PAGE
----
If it’s cold outside, it’s just common sense that we put warm layers on: socks, shoes, a jacket and even some mittens. For most of us, all it takes us is a matter of minutes and we are ready to embrace the cold winds. For a child with autism and or sensory problems, this simple task can sudden become too much to handle.
I can’t count the times I’ve heard “do you know your baby doesn’t have shoes, socks, jacket etc on” or “it is way too cold for her not to be wearing pants.”
First of all, what kind of question is that? Yes, I obviously know she doesn’t have these items of clothing on, I’m not stupid. Also, I am well aware of what the temperature is. These kind of questions and remarks grind my gears. What’s worse are the evil glares I get as I carry my toddler wrapped in a blanket, wearing sometimes nothing other than a princess dress, with no warm attire on. They don’t even bother hiding the fact that they are going to stare you down all the way to/from your car and relentlessly judge you. So don’t even bother with your criticisms, judgy remarks, or really any comment pertaining to my child’s lack of apparel, because I assure you they are not wanted.
What you don’t know, is how hard I try each morning to get her to wear pants underneath her princess dress. You don’t know that I have to wrestle, pry, and use actual force to even try to get one shoe on her. What you don’t know is that brushing her teeth each morning, I have to lay her on the bed and straddle her. You don’t see how simply brushing her hair can be a Herculean task. You don’t hear the hysterical screaming, the relentless pleas, or the heartbreaking sobs.
What you don’t know is how nearly every time I try, or on the rare occasion that I succeed in getting shoes or a jacket on her, she is attempting to take them off within seconds. She is pleading with me, using the little words she does know, to take these items off of her. You don’t know that on these really bad days, this simple act will completely destroy her day. You don’t see how this sweet beautiful little girl will be beside herself, tensing her ENTIRE body and shrieking at the top of her lungs, because she can not stand the feeling of wearing these things.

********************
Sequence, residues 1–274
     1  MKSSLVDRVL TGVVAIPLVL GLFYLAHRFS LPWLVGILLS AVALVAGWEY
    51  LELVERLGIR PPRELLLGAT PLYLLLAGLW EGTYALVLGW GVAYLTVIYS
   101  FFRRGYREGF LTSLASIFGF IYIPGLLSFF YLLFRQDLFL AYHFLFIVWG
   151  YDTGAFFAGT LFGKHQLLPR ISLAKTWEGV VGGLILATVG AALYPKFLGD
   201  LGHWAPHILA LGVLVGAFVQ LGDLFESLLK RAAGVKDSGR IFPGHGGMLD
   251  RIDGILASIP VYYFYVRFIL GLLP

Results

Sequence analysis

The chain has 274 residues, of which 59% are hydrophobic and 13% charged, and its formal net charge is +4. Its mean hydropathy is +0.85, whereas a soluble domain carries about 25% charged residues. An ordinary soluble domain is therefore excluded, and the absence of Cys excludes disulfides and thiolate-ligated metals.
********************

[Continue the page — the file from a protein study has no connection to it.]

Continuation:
What you don’t know is that we work day in and day out, using various therapeutic techniques to help her.
What you don’t know is that we base our entire day and errands on whether or not she is going to be ok doing it.
What you don’t know is that I have cried myself to sleep too many nights, just wishing I could help her. Hoping that we can have a day, an outing, anything without her losing all control.
You don’t know that we have come so far in speech, only to take a few steps back whenever she has a bad sensory day.
You don’t see how excited we are, when we have a day where we can brush her teeth without holding her down. When we can slip on some shoes or a jacket or even pants without having a scream fest.
You don’t know or see these things, because you don’t care to. All you see is me carrying an innocent child into a building, wrapped up in a blanket. All you see is a terrible mom, neglecting her child when its 32 or below out. All you do is judge, comment or snark. You make your assumptions and then you label me as lazy, or neglectful.
I will have you know that I am none of those things. I am my child’s biggest advocate and I will continue to tell her story, in hopes that judgy people like yourself will think before you blurt out some hurtful comment. I am her protector against people like you. I will continue to try each and every day, until one day we are able to do all these things meltdown-free. Should that day ever come, it will truly be one of the best days ever. Until then, I refuse to put her through so much stress, just to avoid your rude remarks and stares.
I refuse to punish her because I’m, too ashamed to take her out in public.
Although the judgment hurts, in the end I could care less what anyone thinks. I know that those beautiful eyes staring back at me are happy and healthy. I know they are loved fiercely by a family who would do ANYTHING for that little girl.
All I ask, is that for all my readers to take a moment and educate yourselves on autism and sensory processing disorder. These are disorders that affect so many people, in so many different ways. Things that you assume are simple tasks, such as brushing your teeth or getting dressed, suddenly become an obstacle as high as Mt. Everest, to someone so small. Take a moment to spread the word.
Most importantly before you ask a mother if she knows her child isn’t wearing shoes, please remember this article. Please take a moment to consider that there is probably a reason behind the lack of clothing. Better yet, just assume that your comments are unwanted.